as Leopardi described it in his poem To Angelo Mai, written in the early days of 1820.

Though many people were discontented with the administration, they had no legal means of opposing it or of trying to make the governments change their methods. They could not even express their opinions openly, for that would certainly have led to their arrest. The one course that offered any hope of change was the forming of secret societies which might become strong enough to impose their wishes on the governments.

Of these secret societies the most powerful was that of the Carbonari. To this day its origins are involved in obscurity. Perhaps it was an offshoot of the Freemasons. Under the rule of Joachim Murat, it was firmly rooted in the Kingdom of Naples; after the return of the Bourbons it spread still more widely, especially among the ranks of the army.

The early triumph of the Spanish revolution of 1820 made a deep impression in Naples, a region linked to Spain by so many memories and affinities. The leaders of the Carbonari now decided to act. On July 2, 1820, in the little town of Nola at the foot of Vesuvius, two sub-lieutenants (Morelli and Silvati) set on foot the insurrection. Their demand was that the King should grant a constitution. Followed by little more than a hundred soldiers, they went out from Nola and advanced on Avellino. The governor, Colonel de Conciliis, was himself a Carbonaro. After some hesitation he joined them, with the little garrison that he commanded, and moved towards the capital. Meanwhile in several provinces the Liberals were raising their heads and showing themselves favourable to the insurrection. On the night of July 5th, General Guglielmo Pepe, fearing arrest because he was widely known as a Liberal, left Naples and put himself at the head of the insurgents. At once the insurrection assumed such proportions in the capital itself that King Ferdinand, fearing the loss of his throne, granted the constitution (July 6th). Never was victory more easily and swiftly gained.

But the erection of a constitutional government in the Kingdom of the Two Sicilies alarmed the Powers of the Holy Alliance, and especially Austria, who saw the tranquillity of her Italian dominions threatened. In order to get authority for armed intervention, Austria called together a Congress at Laybach, the capital of Carniola, and invited to it also King Ferdinand I., whom she knew to be desirous of restoring absolutism. At Laybach, in January, 1821, the fate of Naples was decided. The Holy Alliance, declaring that it had the right and the duty of preserving peace in Europe, and that the condition of the Kingdom of the Two Sicilies threatened the security of all governments, directed an Austrian army to enter Neapolitan territory and restore order. On his part, Ferdinand I. wrote to Naples inviting his subjects to welcome amicably the troops of his faithful ally, the Emperor Francis I. of Austria.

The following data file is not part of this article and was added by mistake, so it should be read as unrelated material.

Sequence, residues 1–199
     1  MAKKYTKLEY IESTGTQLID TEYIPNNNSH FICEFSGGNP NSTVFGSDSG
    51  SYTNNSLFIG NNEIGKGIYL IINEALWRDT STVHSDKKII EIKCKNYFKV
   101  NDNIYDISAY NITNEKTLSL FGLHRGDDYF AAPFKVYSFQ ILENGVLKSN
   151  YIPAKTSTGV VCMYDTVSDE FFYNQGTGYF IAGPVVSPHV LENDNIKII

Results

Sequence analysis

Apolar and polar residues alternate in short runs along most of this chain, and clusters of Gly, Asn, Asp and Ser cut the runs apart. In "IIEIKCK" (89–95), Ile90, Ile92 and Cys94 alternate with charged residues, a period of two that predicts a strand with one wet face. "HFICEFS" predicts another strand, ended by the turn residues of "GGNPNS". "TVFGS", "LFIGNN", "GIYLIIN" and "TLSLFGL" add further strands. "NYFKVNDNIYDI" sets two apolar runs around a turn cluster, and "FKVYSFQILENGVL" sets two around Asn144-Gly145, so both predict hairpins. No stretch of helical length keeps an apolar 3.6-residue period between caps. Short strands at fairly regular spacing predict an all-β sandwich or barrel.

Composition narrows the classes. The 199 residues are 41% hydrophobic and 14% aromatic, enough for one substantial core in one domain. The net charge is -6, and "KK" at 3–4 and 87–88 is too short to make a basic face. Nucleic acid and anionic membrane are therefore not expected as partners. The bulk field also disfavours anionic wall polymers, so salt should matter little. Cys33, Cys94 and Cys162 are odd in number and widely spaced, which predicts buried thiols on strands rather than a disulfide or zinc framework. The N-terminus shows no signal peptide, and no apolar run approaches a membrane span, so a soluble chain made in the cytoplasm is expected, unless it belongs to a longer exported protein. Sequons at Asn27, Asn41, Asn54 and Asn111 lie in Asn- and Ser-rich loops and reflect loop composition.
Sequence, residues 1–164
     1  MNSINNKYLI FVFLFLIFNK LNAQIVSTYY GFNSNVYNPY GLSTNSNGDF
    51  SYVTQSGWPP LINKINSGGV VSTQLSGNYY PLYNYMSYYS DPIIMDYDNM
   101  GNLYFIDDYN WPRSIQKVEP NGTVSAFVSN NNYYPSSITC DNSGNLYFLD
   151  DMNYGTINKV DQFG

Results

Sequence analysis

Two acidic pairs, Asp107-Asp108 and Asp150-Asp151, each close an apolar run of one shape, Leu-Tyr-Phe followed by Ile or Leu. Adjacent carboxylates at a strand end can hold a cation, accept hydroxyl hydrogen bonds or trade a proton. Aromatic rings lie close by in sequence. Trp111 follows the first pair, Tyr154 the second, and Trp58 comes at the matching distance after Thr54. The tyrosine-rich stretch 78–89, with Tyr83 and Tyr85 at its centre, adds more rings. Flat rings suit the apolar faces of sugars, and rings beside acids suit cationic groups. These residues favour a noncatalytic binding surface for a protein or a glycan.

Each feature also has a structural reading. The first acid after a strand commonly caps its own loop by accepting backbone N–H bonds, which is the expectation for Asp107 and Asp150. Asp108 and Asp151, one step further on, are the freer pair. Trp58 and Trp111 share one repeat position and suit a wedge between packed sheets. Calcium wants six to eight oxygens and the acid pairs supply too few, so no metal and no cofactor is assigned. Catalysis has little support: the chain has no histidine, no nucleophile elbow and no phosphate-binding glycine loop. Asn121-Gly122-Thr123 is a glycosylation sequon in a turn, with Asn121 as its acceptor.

The Neapolitan Parliament, which no longer trusted the King, thought fit to declare that no credence should be attached to his words, since he was not free amongst the sovereigns of the North; and it resolved to defend the Kingdom against the Austrian invasion. But nothing was ready. The ministry was largely made up of weak and unreliable men. The delusive views of men who were unconscious of the gravity of the situation prevailed in Parliament and in the newspaper press. The army was disorganized; its leaders were out of harmony, its soldiers lacked discipline. General Guglielmo Pepe, at the head of ten thousand men, faced the Austrians at Rieti on March 7, 1821. He was defeated, and the greater part of his troops dispersed, carrying discouragement into all the provinces. Many Liberals fled or hid themselves. The Austrian troops advanced on Naples without meeting further opposition; on March 23, 1821, they entered the capital and restored the absolute monarchy. In Sicily, too, all opposition was stifled.
the atrocious treachery - Byron probably means that the Neapolitan Carbonari first encouraged the northern Carbonari cells to resist the Austrians, but then gave them no support and made their (futile) stand much farther south.

some of them like "Craigengelt" would "tell all and more than all to save themselves" - Neither Byron nor his editors reveals the meaning of this. Craigengelt is a place in Austria.

as if the Greeks had run away from Xerxes - The small band of Greek defenders famously did not run from a vast Persian army under Xerxes. As wikipedia reports:
At the Battle of Thermopylae, a small force of warriors, 300 Spartans, and 1000 other Greeks, led by King Leonidas of Sparta, resisted the much larger Persian forces, but were ultimately defeated. ... After Thermopylae, Athens was captured and the Athenians and Spartans were driven back to their last line of defense at the Isthmus of Corinth and in the Saronic Gulf. The delay caused by the Spartans allowed Athens to be vacated.
rascaille - The term is French for a low-life, a member of the the despicable scum of society.

Corso - Italian for course, way, race; in this case probably something like a boulevard.

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Some sources:

The Works of Lord Byron

Cavour and the Making of Modern Italy, 1810-1861 By Pietro Orsi (1914)